What's an induction and what do the guidelines say?

What is an induction?

An induced labour is one that's started artificially. It's fairly common. Every year, 1 in 5 labours are induced in the UK.

Sometimes labour can be induced if your baby is overdue or there's any sort of risk to you or your baby's health. This risk could be if you have a health condition such as high blood pressure, for example, or your baby isn't growing as expected.

Induction will usually be planned in advance so you will have time to discuss the advantages and disadvantages with your doctor and midwife, and find out why they think your labour should be induced. Remember to stop and take all the time you need, use your BRAIN!

As the following - What are the Benefits and Risks? What are your Alternatives (usually to wait!)? What does your Instinct tell you? What happens if you do Nothing?

***It's your choice whether to have your labour induced or not***

Most women go into labour naturally (spontaneously) by the time they're 42 weeks pregnant.

If your pregnancy lasts longer than 42 weeks and you decide not to have your labour induced, you should be offered increased monitoring to check your baby's wellbeing. This can often mean a daily trip to see your midwife or trips to triage every other day.

What does an induction feel like?

Induced labour is usually more painful than labour that starts spontaneously, and women who are induced are more likely to ask for an epidural to cope with that pain. Induced labours are also often a lot longer than spontaneous labours, meaning you are more likely to be offered an epidural so you can ease the discomfort for a while, get some rest and try to recharge your batteries.

Your pain relief options aren't restricted by being induced and you should have access to all the pain relief options usually available in the maternity unit.

Women who are induced are also more likely to have an assisted delivery, where forceps or ventouse suction are used to help the baby out. This is either due to exhaustion from the mother, a baby in distress or the epidural effecting the downward sensations that aid baby down the birth canal.

What do the guidelines say?

The NICE (National Institute for Health and Clinical Excellence) guidelines should become your birth bible, it is a one stop shop for all regulations on patient care and has so many handy articles as well as the standard guidelines for all clinical procedures. It also has a handy little flow chart on inductions if you're keen to read more (here).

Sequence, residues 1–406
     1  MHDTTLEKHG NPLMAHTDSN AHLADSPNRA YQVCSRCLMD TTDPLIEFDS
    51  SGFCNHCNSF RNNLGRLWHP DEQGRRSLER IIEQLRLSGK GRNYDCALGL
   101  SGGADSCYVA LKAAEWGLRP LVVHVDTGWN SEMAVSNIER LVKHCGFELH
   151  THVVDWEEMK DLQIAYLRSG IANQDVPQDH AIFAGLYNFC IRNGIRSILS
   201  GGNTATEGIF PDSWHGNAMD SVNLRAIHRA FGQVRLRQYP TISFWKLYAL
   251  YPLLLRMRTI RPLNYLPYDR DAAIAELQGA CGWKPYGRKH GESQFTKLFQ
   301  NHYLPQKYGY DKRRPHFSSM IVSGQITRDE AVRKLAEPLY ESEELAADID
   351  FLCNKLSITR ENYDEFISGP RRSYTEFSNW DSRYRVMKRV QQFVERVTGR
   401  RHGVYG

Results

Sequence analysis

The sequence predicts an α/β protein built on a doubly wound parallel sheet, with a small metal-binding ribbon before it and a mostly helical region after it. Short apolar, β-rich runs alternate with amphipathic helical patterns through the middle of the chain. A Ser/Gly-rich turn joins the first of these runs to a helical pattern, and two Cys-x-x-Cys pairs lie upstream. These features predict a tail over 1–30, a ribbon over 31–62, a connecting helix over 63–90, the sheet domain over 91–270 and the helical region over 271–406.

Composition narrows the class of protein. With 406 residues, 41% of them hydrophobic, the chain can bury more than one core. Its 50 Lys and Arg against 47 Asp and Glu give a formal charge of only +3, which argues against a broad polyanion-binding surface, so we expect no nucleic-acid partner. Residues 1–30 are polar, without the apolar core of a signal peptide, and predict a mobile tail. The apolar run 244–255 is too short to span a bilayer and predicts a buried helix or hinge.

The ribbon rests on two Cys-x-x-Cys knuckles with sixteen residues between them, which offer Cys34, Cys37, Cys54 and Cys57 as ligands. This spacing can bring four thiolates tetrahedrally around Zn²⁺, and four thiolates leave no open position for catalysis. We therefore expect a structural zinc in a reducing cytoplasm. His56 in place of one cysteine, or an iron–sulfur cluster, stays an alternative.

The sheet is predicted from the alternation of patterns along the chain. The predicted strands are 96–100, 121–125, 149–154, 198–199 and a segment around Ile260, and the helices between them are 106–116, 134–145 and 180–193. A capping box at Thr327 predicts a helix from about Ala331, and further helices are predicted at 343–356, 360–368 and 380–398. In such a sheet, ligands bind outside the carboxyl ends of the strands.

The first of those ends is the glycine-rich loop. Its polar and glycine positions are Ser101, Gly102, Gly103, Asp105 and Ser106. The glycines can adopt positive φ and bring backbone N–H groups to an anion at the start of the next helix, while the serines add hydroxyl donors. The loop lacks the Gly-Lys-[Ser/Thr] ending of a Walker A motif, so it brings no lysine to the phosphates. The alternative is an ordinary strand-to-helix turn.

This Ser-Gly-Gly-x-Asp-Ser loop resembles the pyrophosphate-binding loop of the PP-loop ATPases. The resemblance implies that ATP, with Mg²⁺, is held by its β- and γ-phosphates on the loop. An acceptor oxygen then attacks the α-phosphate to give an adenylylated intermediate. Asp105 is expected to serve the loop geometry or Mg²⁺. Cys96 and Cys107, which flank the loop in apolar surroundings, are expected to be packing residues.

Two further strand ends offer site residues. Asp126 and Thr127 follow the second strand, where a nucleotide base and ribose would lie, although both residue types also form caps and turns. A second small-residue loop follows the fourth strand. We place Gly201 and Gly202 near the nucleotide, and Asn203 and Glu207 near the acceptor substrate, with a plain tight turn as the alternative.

NICE aims to improve the advice and care provided to women considering, and undergoing, induction of labour in hospital-based maternity units, midwifery led units and at home. So, in short, they're on your side! The following is directly transcribed from the NICE website for your accurate reference: -

Staying informed -

1.) Women should be informed that most women will go into labour spontaneously by 42 weeks. At the 38 week antenatal visit, all women should be offered information about the risks associated with pregnancies that last longer than 42 weeks, and their options. The information should cover:

  • membrane sweeping:

  • that membrane sweeping makes spontaneous labour more likely, and so reduces the need for formal induction of labour to prevent prolonged pregnancy

  • what a membrane sweep is

  • that discomfort and vaginal bleeding are possible from the procedure

  • induction of labour between 41+0 and 42+0 weeks

  • expectant management.

2.) Healthcare professionals should explain the following points to women being offered induction of labour:

  • the reasons for induction being offered

  • when, where and how induction could be carried out

  • the arrangements for support and pain relief (recognising that women are likely to find induced labour more painful than spontaneous labour)

  • the alternative options if the woman chooses not to have induction of labour

  • the risks and benefits of induction of labour in specific circumstances and the proposed induction methods

  • that induction may not be successful and what the woman's options would be.

3.) Healthcare professionals offering induction of labour should:

  • allow the woman time to discuss the information with her partner before coming to a decision

  • encourage the woman to look at a variety of sources of information

  • invite the woman to ask questions, and encourage her to think about her options

  • support the woman in whatever decision she makes.

As you can see, the guidance from NICE is clear, it is your choice whether to accept an induction or not. You should be supported and kept informed throughout the entire process and you should be given the opportunity to discuss and question everything, at every step. If this is not the care you are getting, empower your birth partner to advocate and push your questions for you too.

Lou xx

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